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User comments : 9

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shockr
not rated yet Apr 06, 2010
Augmented Reality is the future. Forget your mobile phone. We'll all be wearing glasses with a camera on each side for stereoscopic input of our surroundings. The lenses will be HUD style screens and tiny sensors will detect our eye motion. The glasses will have headphones and all this will be wirelessly connected to other peoples glasses/devices.

This whole process will allow anything to become an interactive medium. Gaming will become a physical experience, with people playing first person shooters around their home or street. Watching films via augmented reality on a clear wall at home.

We just need the tech to become smaller and faster. I say 5-10 years tops.
hooloovoo
not rated yet Apr 06, 2010
@shockr

Are you serious? You want stereoscopic input of reality, while you're standing in it?
gwrede
1 / 5 (1) Apr 06, 2010
This will be reality, no question.

The eyeglasses we will wear are only the I/O device, the actual computer will be an object in our pocket, much like the mobile phone is today. And for many applications, the majority of the needed number crunching will be done at some remote computer farm.

Such glasses will of course be heavier and bulkier than "regular" glasses, but people will get used to them. (I remember trying on a Rolex wrist watch as a teen ager and I felt my arm stretch by the sheer weight of it.)

24h live video recording will be standard issue, as well as transparent HUD displays of various things. And the thing in your pocket only has an on/off button. You can then communicate with it through the glasses by blinking. For advanced users, additional inputs are possible, like winking, raising an eyebrow, jerking your ears, clicks of tongue, or special eye movements (like drawing a square, etc.).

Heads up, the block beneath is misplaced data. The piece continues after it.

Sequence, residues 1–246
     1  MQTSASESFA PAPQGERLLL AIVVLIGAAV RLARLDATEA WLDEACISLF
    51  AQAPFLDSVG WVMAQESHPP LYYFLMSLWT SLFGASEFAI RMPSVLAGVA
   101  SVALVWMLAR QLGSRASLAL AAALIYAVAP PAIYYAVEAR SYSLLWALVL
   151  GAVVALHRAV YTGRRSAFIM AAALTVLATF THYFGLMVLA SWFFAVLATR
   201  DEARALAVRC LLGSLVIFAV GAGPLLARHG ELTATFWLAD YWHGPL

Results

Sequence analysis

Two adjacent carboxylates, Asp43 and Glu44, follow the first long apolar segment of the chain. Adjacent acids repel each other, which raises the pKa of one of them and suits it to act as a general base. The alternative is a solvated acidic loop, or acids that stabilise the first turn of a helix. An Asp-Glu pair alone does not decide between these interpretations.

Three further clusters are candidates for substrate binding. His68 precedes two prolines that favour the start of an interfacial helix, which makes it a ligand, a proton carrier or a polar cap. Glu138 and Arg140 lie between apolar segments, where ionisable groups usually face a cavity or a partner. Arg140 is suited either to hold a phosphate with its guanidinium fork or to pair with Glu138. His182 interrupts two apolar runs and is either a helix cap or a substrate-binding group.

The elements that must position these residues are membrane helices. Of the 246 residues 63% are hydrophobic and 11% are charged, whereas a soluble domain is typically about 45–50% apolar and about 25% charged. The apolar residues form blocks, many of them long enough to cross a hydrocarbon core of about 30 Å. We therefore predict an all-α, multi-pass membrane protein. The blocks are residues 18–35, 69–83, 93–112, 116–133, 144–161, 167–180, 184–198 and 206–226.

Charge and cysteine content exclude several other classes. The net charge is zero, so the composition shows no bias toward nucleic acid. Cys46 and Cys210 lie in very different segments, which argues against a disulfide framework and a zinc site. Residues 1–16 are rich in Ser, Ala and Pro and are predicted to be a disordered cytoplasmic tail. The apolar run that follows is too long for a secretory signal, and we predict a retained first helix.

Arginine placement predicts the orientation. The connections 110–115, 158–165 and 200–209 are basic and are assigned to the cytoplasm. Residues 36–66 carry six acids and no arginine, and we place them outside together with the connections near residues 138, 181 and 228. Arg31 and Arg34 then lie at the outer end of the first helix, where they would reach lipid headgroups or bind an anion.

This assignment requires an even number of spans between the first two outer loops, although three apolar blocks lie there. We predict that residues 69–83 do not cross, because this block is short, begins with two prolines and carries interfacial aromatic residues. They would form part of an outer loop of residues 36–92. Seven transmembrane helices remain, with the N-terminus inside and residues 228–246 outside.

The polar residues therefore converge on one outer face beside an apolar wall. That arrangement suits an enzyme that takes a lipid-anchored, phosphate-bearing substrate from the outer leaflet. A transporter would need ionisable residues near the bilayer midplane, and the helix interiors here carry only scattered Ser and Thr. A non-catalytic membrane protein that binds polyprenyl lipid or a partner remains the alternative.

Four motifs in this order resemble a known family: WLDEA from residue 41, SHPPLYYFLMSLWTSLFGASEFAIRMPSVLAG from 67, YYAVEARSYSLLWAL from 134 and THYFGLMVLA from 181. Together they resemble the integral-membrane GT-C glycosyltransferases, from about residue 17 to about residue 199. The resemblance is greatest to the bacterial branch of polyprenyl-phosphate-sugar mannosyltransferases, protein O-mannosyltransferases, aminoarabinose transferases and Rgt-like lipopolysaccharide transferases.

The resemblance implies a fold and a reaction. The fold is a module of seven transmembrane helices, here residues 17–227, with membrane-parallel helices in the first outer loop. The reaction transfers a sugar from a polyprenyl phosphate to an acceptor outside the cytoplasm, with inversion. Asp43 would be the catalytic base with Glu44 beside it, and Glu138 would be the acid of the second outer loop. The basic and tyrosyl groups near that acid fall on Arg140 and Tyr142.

And these will mostly be company property, like expensive laptops today.
danman5000
not rated yet Apr 06, 2010
This is great - I'll never have to remember anything again! Why fill my brain with useless facts like my best friend's name and my home address when the computer can just tell me? Now all we need are hover chairs so we can all live idyllic lives like the people in Wall-E.
jj2009
not rated yet Apr 06, 2010
wow sounds amazing, how on earth did we get by before this technology was invented... oh wait, we bought guide books, and actually made the effort to remember our friends' names.
krundoloss
not rated yet Apr 06, 2010
I think this is great. There are so many useful and helpful applications for this, and now that the technology is coming along, we wont need all these neat little devices with tiny screen (which I am quite tired of) and have something that is physically small but perceptually large (like a display built into eyeglasses). Yes, we are all lazy, but this technology can be VERY empowering, and we cannot deny that. Heck, Im a network technician and I dont bother to try to remember things like registry fixes, because I can just google it, or pull the file off my Flashdrive which I always have. Face it, the human memory is becoming OBSOLETE.
trekgeek1
Apr 06, 2010
This comment has been removed by a moderator.
MikeMike
not rated yet Apr 06, 2010
I want realtime visual filters...downloadable like phone apps. Having a grey day? Just fire up a filter!

Q: "What filter are you running Joe?"
A: "Acid Trip 2.3! It rocks man!"
fixer
not rated yet Apr 06, 2010
This ties in nicely with earlier releases on Retinitis Pigmentosa tech.
Sight coupled with information for people who couldn't previously see.
Also useful for tourists visiting anywhere!
shockr
not rated yet Apr 08, 2010
@hooloovoo

The camera's aren't for my benefit, they're for the computer (in my pocket) to detect my surroundings. (Like the XBox 360 Natal). With this information of orientation and depth, the computer can determine how I can interact with things.

Let's say I want to watch a film, I can tell the computer to overlay the image on the wall infront of me. It's augmenting reality, not putting me in a virtual reality created from my surroundings. (Although that will also be part of the gaming experience).

What's more, your appearance to someone using augmented reality could be your own custom avatar. Your device would let your friends device see you as anything you wanted.

Gaming could turn your back yard into a virtual warzone, but one that you physically run around in, with no danger to anyone (unless you trip and fall on your own clumsy feet!) :P